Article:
Evaluation of thin compression paddles for mammographically compatible ultrasound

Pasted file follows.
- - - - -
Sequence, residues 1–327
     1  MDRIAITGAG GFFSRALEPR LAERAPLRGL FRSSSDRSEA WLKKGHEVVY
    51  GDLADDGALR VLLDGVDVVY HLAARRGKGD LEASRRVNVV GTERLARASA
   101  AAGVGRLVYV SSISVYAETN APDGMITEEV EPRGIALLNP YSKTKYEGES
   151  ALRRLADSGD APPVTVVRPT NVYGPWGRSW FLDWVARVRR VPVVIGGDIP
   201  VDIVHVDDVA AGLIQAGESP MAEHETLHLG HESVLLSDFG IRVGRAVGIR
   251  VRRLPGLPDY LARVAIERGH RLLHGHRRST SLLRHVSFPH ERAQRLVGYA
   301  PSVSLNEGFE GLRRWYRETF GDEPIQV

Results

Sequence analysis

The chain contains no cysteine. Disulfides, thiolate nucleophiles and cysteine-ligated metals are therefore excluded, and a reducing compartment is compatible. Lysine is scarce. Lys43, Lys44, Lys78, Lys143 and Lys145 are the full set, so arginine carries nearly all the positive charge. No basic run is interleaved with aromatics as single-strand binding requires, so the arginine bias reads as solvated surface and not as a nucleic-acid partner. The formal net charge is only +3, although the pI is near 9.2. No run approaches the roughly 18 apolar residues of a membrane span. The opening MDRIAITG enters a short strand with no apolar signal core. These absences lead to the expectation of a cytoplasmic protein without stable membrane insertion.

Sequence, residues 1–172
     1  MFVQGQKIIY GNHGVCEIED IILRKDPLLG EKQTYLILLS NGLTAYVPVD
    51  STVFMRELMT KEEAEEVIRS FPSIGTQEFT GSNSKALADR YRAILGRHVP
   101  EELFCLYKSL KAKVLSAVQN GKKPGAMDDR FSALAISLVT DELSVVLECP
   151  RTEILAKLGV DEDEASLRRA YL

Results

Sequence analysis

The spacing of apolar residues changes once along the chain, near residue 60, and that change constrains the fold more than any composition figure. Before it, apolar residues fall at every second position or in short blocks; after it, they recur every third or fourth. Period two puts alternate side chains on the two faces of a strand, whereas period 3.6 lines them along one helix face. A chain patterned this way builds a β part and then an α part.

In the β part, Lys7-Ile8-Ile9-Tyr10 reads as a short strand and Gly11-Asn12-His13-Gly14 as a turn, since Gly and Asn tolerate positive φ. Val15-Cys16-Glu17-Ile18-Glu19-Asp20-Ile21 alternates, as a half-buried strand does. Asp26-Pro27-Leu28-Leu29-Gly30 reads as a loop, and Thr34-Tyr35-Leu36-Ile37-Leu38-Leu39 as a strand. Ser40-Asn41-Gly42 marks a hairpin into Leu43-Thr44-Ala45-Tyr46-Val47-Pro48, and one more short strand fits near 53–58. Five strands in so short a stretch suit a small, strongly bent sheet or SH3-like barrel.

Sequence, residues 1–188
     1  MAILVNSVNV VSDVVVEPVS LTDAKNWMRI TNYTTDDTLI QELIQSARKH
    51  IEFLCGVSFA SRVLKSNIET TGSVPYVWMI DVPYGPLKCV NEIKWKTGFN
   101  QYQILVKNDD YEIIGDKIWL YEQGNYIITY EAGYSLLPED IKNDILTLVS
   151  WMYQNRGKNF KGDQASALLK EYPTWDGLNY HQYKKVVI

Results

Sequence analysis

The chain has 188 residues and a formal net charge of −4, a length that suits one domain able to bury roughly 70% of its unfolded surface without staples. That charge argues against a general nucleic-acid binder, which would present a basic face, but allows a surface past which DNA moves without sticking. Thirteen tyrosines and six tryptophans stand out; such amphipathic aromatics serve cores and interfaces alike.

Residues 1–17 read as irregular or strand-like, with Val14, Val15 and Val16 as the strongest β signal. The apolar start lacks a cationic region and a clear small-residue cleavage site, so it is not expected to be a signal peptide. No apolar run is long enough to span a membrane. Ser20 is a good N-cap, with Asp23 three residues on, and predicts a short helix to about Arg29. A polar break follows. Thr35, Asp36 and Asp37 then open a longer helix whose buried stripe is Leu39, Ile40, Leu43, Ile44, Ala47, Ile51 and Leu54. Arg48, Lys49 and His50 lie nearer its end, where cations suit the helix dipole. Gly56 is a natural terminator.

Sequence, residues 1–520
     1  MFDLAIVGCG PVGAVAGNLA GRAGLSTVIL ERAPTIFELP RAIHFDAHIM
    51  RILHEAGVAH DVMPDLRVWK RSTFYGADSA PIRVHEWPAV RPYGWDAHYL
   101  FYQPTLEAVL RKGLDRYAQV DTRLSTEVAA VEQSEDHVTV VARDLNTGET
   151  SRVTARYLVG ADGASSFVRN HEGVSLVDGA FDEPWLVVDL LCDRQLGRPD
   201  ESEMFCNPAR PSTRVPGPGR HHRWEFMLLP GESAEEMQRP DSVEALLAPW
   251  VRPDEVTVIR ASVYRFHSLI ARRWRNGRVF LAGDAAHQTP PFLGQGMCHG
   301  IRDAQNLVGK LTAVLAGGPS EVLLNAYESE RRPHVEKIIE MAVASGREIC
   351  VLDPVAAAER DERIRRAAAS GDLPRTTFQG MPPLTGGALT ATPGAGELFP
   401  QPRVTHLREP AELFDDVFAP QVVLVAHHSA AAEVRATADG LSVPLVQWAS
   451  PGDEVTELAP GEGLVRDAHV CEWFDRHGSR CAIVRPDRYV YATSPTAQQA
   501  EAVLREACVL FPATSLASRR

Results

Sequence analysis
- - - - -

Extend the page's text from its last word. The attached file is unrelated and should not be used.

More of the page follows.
ABSTRACT We are developing a combined digital mammography/3D ultrasound system for breast cancer imaging to better detect and/or characterize breast lesions. Scanning a GE Logiq 9 M12L transducer array over a mammographic compression paddle/plate introduces an attenuating layer with sound speed and impedance different from that of tissue. This reduces signal level and affects beam focusing, Making the choice of a suitable paddle is essential for accurate sonographic detection of lesions. Similar work has been reported, but we present a more complete characterization of image quality through mammographic paddles of varying materials, (e.g., Lexan, Polyurethane, TPX, Mylar) and thicknesses. Quantitative measures such as spatial and contrast resolution, signal strength, and range lobe levels were compared to images without a paddle. In vivo patient studies compared images with standard handheld scans to images with 0.25, 1.0, and 2.5 mm thick paddles to examine restricted access problems, coupling issues, and overall lesion clarity. For mammography, filters were added to account for differences in X-ray transmission properties between the tested paddle and the standard mammography paddle. When lateral beamforming corrections were implemented to partially account for the speed of sound through the paddles, experiments conducted on 25 μm line targets with several plastic paddles between 0.25-2.5 mm thick demonstrated image quality measures close to those with no paddle present. In some paddles <1.0 mm thick, a worst-case 5% reduction in linear spatial resolution and a maximum 4 dB signal loss averaged over 4 cm occurred. In those better paddles up to 2.5 mm thick, range lobe levels were consistently 35-40 dB lower than the signal maximum. Areas of restricted access (such as near the chest wall) were minimized by imaging in trapezoidal (virtual convex) format. TPX paddles <2.5 mm were the most ideal for ultrasound and mammogram imaging requirements and, after accounting for signal loss through the paddle, appearance of cysts was comparable to images obtained from handheld, direct contact sweeps.